Locals say China used health tracker to control crowds

TAIPEI, Taiwan (AP) — Angry bank customers who traveled to a central Chinese city to try to recover their savings from struggling rural banks have been stopped short by a common technology: a QR code.

The QR code, which residents are required to have, is meant to display a person’s health status, such as whether they have COVID-19 or have been a close contact. In the central province of Henan, some Chinese discovered that the health code was used to enforce crowd control.

The incident sparked a national debate about how a tool designed for public health was appropriated by political forces to stifle controversy.


The problem started in April, when customers discovered they couldn’t access online banking. They tried several times to report the banks and get their money back, but got no response.

Thousands of people who had opened an account at one of six rural banks scattered across neighboring Henan and Anhui provinces began trying to withdraw their savings after media reported that the head of the parent company banks was on the run. The majority shareholder of several banks, Sun Zhenfu, was wanted by the authorities for “serious financial crimes”, according to the official media The Paper.

Authorities likely feared a run on the banks, not uncommon with smaller banks in China that tend to be less stable than their larger institutional counterparts.

Customers across the country were connected to these rural banks through national financial platforms such as JD Digits. There, smaller banks have sold their customers financial products like fixed deposit accounts with higher interest rates, which forces people to leave their money behind for a while, according to Sixth Tone, the publication sister in English of The Paper.

Unable to resolve the issue online, customers earlier this week decided to demand government action at the China Banking and Insurance Regulatory Commission Henan Province office in the provincial capital Zhengzhou. But after arriving in the city, they found they couldn’t go far.

In a since-deleted account posted on WeChat, a woman named Ai had arrived in Zhengzhou. Shortly after arriving at the hotel, she was interrogated by a group of policemen who asked her why she was in Zhengzhou. She answered honestly: To withdraw money from the bank. Shortly after, she discovered that her health code had turned red even though she had a negative COVID-19 test result in the past 48 hours.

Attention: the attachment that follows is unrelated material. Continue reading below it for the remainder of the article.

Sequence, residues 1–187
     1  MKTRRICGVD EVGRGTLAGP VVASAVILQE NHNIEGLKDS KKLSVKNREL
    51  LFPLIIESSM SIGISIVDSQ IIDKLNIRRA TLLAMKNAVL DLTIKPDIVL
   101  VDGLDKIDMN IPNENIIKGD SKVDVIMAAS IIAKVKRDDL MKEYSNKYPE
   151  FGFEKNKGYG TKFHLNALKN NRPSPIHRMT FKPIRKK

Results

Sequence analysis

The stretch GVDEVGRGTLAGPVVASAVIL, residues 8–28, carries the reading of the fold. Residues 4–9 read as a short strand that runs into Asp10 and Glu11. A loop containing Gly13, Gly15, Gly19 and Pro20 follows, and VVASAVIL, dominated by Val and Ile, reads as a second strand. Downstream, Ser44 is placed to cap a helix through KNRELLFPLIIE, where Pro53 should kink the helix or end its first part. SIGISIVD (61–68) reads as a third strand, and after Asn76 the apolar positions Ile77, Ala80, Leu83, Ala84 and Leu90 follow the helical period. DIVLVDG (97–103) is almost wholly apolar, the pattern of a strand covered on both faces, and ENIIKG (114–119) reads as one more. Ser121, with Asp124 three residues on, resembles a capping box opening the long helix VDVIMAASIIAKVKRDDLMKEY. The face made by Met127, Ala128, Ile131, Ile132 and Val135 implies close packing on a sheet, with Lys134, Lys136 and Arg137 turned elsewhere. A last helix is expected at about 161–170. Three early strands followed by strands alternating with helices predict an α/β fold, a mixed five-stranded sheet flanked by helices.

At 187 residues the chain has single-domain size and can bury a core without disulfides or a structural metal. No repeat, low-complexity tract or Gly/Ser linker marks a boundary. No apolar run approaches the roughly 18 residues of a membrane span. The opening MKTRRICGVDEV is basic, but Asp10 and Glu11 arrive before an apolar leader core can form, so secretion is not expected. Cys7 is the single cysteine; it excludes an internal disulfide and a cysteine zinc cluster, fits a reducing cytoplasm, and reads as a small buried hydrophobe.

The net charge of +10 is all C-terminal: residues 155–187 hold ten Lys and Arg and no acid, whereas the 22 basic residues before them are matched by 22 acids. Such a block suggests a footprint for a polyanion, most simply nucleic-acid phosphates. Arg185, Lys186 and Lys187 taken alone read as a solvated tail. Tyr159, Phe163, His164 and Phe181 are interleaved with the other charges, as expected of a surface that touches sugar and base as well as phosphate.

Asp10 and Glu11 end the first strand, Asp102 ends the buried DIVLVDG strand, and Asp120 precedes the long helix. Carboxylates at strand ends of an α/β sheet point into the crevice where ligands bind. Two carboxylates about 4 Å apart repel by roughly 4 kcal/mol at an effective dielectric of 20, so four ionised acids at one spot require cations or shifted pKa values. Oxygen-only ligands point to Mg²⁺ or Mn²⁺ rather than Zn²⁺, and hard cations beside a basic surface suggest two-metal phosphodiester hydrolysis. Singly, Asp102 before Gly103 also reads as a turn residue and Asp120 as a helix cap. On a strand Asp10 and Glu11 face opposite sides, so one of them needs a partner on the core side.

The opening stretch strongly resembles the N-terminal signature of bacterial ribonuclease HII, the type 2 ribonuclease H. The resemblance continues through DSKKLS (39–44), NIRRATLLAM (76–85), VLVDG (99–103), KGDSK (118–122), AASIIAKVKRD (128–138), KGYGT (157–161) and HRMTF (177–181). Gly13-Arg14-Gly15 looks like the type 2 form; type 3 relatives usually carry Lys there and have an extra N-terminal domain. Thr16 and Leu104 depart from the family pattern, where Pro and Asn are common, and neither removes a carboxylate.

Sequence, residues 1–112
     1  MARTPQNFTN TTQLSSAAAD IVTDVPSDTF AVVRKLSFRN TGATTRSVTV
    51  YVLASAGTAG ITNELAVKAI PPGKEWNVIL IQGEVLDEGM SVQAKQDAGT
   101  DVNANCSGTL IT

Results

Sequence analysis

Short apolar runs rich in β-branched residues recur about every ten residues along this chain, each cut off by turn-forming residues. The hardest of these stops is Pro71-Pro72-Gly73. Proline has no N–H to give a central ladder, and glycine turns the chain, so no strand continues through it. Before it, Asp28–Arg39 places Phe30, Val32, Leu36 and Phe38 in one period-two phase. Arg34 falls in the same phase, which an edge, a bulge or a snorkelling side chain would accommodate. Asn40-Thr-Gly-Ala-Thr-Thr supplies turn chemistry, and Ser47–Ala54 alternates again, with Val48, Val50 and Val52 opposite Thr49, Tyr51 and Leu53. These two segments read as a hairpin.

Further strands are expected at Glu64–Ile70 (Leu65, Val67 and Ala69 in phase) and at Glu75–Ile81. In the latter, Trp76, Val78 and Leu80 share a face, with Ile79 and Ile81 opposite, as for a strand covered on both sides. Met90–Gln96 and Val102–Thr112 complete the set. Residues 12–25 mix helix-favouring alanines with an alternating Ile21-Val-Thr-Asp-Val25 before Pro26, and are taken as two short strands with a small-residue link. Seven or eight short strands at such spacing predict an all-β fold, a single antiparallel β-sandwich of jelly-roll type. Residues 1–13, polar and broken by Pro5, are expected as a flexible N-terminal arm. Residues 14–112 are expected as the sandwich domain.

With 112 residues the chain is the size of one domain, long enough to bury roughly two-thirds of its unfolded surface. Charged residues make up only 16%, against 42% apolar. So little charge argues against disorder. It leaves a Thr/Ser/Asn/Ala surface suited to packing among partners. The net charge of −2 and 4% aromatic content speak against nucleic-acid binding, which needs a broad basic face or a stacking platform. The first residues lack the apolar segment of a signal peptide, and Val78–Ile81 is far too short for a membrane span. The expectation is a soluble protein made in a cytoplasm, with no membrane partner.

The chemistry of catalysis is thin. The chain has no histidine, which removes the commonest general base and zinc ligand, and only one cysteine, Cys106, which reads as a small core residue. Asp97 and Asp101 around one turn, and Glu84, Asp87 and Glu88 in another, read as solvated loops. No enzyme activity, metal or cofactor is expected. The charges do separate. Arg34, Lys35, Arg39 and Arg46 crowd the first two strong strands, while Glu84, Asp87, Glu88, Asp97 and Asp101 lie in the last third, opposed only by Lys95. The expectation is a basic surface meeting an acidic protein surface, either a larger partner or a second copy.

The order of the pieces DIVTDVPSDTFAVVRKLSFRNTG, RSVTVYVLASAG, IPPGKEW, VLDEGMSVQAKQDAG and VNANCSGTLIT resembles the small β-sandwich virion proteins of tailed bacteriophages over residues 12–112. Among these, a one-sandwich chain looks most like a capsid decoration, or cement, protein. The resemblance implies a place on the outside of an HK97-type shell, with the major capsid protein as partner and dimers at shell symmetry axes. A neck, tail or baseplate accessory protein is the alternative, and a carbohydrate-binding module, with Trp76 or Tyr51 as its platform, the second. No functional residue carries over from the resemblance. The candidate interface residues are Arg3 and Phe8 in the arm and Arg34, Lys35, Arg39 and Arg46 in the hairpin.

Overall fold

She was immediately taken to a quarantine hotel by a pandemic prevention officer.

Sixth Tone interviewed more than a dozen people whose health codes turned red after scanning a QR code in the city.

In China, places like train stations and grocery stores have a QR code that people can scan at the entrance, logging their presence as a contact tracing tool during the pandemic. When someone is deemed positive or at high risk due to close contact with someone who is COVID-19 positive, their own codes take on different colors that correspond to restrictions such as mandatory quarantine.

With a red health code, it is impossible to go to public places, or even to board a train.

A bank customer, who gave her last name as Liu, said she saw many report their health codes turning red after arriving in Zhengzhou.

Liu, who did not travel to Zhengzhou herself, said she tested the code change after others reported it in their shared group chat. After scanning the QR code of a photo someone had shared in the group, Liu discovered that his health code had also turned red.

Another bank customer told Sixth Tone that he received a code red after scanning at Zhengzhou train station and was taken into custody. Hours after police officers took him out of Zhengzhou that evening, his health code turned green.

Jiaedao, a social media account run by the Communist Party’s main newspaper, criticized Henan authorities in an op-ed on Tuesday.

“Let’s be frank, no matter which department or individual instigated it, the arbitrary use of epidemic prevention and control measures for ‘social governance’ or ‘maintaining stability’, should be held strictly accountable,” the editorial read.

An official from the Henan Pandemic Control Committee said in response to Jiakedao that authorities were investigating reports of health codes turning red.